Xiaomi’s spin-off brand Redmi made its mark on the entry-level audio segment earlier this year with its $23 Redmi Earbuds S truly wireless buds. Now, the company’s back with a new product — the Redmi SonicBass neckbuds.
I prefer the neckbuds form factor over truly wireless buds any day as I don’t have to get them out of the case every time I need to use them — I can keep the former hanging around my neck whenever I am not using them.
I’ve been using the Redmi SonicBass neckbuds for over a month now, and despite some missing features, they’re a good pair for just ₹999 ($13.50).
Design and features
The Redmi SonicBass features a largely generic design with plastic and rubberized materials. It’s lightweight at 21 grams and flexible enough to be kept in a pocket or your bag without worrying about damage.
The IPX4 rating helps keep sweat and water off and makes it bearable to wear it for a long duration. I used the pair during my workouts and they fit me well.
The Redmi SonicBass can connect to multiple devices using Bluetooth 5.0. However, the pair doesn’t support any high-quality codecs such as AptX.
While the world is moving to USB-C, this pair still charges with MicroUSB. While most people might still have a rouge MicroUSB cable around the house, it would’ve been nice if the company shipped one in the box.
Sound and performance
The earbuds feature a 9.2mm dynamic driver to produce the sound. The reproduction is good for that spec, but it doesn’t do justice to the ‘sonic bass’ moniker. For a pair that costs ₹999, it does its job and it’s fine for your background listening or calls. However, there are some areas that need improvement.
The bass is often flabby; you can notice this while listening to Bliie Elish’s hit Bad Guy. You’ll experience a rattling sound in your ears.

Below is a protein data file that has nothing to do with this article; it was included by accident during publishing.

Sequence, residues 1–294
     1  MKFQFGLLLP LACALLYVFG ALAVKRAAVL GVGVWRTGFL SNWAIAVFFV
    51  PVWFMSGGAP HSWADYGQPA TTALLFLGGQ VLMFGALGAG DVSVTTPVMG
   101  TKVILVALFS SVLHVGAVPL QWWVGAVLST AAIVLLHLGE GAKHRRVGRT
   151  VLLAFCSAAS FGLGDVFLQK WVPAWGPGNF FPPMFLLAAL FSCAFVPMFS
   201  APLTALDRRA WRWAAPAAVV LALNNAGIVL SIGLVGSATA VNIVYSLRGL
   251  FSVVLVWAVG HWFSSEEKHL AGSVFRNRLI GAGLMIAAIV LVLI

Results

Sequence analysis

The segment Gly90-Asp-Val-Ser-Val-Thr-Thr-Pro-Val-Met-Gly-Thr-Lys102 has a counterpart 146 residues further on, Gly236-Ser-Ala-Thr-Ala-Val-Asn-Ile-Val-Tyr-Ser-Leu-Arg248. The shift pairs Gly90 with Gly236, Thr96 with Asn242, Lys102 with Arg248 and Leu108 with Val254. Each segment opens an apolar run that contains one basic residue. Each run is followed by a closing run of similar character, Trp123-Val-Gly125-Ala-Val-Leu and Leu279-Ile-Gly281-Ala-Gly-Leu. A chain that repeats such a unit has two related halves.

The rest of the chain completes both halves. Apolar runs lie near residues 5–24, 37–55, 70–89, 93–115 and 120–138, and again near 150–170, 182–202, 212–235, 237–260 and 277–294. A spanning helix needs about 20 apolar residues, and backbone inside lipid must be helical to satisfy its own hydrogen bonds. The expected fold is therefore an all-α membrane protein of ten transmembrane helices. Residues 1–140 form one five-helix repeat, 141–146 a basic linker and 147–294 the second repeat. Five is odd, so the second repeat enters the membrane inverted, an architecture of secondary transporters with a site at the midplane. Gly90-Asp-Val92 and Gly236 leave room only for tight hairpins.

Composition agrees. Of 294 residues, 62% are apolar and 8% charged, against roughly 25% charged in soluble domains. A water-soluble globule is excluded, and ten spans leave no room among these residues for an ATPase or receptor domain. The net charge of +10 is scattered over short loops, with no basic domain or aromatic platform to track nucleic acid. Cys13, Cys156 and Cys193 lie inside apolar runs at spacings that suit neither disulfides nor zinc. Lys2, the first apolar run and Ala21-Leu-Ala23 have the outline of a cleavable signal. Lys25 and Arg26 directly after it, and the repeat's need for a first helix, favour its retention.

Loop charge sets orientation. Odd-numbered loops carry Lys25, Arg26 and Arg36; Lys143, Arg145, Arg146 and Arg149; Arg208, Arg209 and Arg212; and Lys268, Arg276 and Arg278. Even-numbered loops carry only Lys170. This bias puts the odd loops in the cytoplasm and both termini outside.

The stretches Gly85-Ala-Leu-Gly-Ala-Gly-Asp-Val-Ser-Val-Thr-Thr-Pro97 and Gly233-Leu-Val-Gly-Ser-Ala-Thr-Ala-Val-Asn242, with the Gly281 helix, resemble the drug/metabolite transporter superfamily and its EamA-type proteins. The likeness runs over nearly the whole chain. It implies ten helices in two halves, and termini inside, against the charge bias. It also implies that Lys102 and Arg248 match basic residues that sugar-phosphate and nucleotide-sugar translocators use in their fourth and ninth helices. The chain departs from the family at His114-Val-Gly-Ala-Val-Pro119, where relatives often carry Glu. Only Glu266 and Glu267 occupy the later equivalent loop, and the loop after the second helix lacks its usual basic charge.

Kickdrums also sound flatter than they should: case in point, Invictus’s Drive. You should listen to Dua Lipa’s Don’t Start Now (LA Live Mix) to understand how the earbuds handle different bass (drum v bass guitar) sounds. While the bassline is clear, drums miss the kick through the effect they should ideally have.
The budget earbuds handle mids and vocals rather well, and that’s noticeable in any pop or singer-songwriter tracks. Treble clips off for guitar-heavy tracks, making it feel like there’s no reverb.
If your listening range is mostly pop or Indian movie songs, these pairs do just fine for casual listening. These will also do well for your podcast consumption or zoom calls on the go.
Xiaomi advertises 12 hours of music playback time through these buds. However, with some calls and other audio activities, you might have to charge the pair a couple of times a week.
Lack of controls is frustrating
If a pair of neck buds has a magnetic snap-on function, you expect an automatic play/pause function when you put two buds together. But no, to my surprise, the audio keeps on playing even after you snap the buds.
What’s more, the pair doesn’t go on stand by mode, so when you play something on your phone, it’ll still play through the Redmi buds. It’s annoying as hell.
To skip a track or go back you need to hold corresponding volume buttons. And sometimes I had to hold them for an extra second to skip a track. It would’ve been better if the company had given the classic option of double-tapping the play/pause button to skip.
These functions are easy to implement, and not having them makes the whole experience a dampener.
Who’s it for?
India’s a market where phones under $300 rule. Some of them might not have the headphone jack. So, if you’re making that switch or simply want a wireless option, the Redmi SonicBass at ₹999 ($13.50) acts as a good choice.
If you’re willing to spend some more money, the OnePlus Bullets Wireless Z and the Realme Buds Wireless act as more than capable options. Plus, there are cheaper options from Indian brands such as pTron and Boat available on Amazon.
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